Transforms the basement area of a recently-demolished house into a series of stepped raingarden tiers.
Photo CC BY-SA 2.0 Frank Mayfield
Volunteer + Professional
Sun, Part Shade
A people-friendly green infrastructure solution that creates flexible spaces for neighborhood gatherings and manages stormwater on site.
Photo CC BY-SA 2.0 Vmenkov
A new, neighborhood-scaled infrastructure designed to better manage snow as it accumulates.
Photo CC BY 2.0 Hormiguita Viajera mir.
A graceful double-lot solution for ongoing stormwater education and social events.
Photo CC BY-SA 2.0 Sosanna.
This underground water storage tank is a long-term solution to save money and water, reduce risk of basement flooding, and contribute to the health of our Great Lakes waterways.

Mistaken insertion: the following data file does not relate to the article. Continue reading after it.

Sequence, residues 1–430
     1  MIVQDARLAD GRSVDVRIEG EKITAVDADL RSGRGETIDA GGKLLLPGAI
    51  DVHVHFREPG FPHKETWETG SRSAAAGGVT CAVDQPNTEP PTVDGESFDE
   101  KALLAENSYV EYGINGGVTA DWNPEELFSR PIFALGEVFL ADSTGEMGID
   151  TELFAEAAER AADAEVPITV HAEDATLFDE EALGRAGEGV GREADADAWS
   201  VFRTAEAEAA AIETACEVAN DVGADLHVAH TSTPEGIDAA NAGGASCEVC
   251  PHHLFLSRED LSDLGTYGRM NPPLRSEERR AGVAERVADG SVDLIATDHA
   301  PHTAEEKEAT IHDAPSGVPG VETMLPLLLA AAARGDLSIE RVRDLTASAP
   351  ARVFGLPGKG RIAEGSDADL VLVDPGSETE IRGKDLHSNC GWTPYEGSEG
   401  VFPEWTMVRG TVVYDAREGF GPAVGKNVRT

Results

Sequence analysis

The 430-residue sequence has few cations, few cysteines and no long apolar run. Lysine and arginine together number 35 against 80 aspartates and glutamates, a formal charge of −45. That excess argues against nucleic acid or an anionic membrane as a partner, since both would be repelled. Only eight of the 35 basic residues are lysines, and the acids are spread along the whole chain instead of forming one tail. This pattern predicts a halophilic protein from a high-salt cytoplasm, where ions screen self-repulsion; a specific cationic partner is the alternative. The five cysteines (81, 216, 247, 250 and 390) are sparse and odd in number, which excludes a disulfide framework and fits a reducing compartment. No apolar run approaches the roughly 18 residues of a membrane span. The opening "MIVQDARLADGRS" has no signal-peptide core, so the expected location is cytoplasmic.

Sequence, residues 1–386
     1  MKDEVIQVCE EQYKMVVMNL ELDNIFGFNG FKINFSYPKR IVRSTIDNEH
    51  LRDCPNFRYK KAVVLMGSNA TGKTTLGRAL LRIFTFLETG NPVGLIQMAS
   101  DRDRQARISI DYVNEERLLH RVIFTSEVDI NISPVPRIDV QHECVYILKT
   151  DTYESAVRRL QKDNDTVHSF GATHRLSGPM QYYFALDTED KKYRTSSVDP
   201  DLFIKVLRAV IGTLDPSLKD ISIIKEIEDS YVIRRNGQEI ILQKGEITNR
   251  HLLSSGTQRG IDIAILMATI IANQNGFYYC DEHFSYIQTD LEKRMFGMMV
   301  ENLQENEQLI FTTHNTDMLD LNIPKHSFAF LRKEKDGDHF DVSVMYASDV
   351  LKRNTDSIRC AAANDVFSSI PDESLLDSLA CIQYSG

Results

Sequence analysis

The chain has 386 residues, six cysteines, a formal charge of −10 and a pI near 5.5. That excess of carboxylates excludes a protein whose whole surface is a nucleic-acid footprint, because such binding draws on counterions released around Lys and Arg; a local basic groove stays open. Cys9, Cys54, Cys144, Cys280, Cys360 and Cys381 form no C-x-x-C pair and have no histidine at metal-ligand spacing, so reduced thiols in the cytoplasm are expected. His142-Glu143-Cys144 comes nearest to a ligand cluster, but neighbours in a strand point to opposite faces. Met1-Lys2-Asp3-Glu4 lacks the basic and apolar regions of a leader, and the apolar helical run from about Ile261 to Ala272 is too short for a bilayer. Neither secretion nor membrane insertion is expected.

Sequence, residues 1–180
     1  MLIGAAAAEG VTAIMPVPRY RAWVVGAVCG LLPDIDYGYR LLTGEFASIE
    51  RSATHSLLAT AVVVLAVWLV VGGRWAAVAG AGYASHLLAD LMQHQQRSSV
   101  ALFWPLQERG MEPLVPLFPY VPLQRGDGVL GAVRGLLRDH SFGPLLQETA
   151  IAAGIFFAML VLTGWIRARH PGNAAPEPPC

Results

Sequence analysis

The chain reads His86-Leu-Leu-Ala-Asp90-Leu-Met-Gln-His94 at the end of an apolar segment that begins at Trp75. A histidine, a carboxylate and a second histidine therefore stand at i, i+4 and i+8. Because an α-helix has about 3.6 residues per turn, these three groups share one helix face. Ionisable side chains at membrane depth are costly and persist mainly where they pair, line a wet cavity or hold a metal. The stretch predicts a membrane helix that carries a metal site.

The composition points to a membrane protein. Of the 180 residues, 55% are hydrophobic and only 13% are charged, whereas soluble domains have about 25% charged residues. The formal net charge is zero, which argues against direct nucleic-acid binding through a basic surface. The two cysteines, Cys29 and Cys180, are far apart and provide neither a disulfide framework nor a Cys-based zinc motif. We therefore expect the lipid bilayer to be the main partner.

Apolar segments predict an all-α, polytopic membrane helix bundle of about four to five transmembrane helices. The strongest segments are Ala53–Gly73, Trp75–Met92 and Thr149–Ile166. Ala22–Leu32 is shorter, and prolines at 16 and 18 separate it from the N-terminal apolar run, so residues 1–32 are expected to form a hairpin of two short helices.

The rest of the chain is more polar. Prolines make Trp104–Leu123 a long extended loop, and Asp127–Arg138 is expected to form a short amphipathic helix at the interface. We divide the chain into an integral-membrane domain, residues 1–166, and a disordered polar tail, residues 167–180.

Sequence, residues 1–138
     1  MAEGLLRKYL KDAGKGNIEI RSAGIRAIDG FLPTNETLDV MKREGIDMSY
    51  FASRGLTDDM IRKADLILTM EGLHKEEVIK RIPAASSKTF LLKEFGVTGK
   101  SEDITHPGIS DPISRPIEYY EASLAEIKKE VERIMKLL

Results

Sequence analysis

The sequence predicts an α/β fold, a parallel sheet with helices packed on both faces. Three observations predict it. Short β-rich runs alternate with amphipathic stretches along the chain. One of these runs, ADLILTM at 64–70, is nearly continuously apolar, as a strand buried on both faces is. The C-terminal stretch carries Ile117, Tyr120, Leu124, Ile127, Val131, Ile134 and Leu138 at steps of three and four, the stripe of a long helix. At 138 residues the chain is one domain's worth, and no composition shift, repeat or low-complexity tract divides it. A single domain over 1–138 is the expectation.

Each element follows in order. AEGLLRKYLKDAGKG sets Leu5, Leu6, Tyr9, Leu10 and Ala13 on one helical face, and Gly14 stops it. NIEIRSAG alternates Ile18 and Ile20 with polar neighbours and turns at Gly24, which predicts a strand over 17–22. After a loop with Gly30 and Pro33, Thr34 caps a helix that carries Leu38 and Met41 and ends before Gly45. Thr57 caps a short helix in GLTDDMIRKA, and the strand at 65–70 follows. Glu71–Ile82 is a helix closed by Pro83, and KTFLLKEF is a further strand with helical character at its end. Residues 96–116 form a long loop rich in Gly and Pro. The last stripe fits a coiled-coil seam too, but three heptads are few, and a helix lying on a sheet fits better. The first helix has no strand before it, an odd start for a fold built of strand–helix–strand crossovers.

Photo CC BY-SA 2.0 Adrian Benko
Sun, Part Shade, Shade
Create habitat and improve biodiversity with this set of guiding principles for managing an existing forest patch or emergent stand of trees.
Photo © Erin Kelly, Lambert, Rotherstien & Associates.
$50 to $1,000
Save water and money with this sidelot greywater harvesting system.
Photo CC BY-NC 2.0 maggie_and_her_camera
$1,000 to $2,500
Luscious rain garden for lots with crushed-in-place basements.
Photo CC BY-NC-SA 2.0 Dmitry Marochko
This theatre of seasonal design features four ornamental trees, each crowned by a seasonal rain garden.
Photo CC BY-NC-SA 2.0 Sandstein
$2,500 to $5,500
Rain garden and living fence provide a soft way to split a lot between neighbors while managing roof runoff.
Photo CC BY-SA 2.0 Raul654
Easy-to-build side lot rain garden designed with plants commonly available at local shops and national chains.
Photo CC BY-NC-SA 2.0, Pat Dumas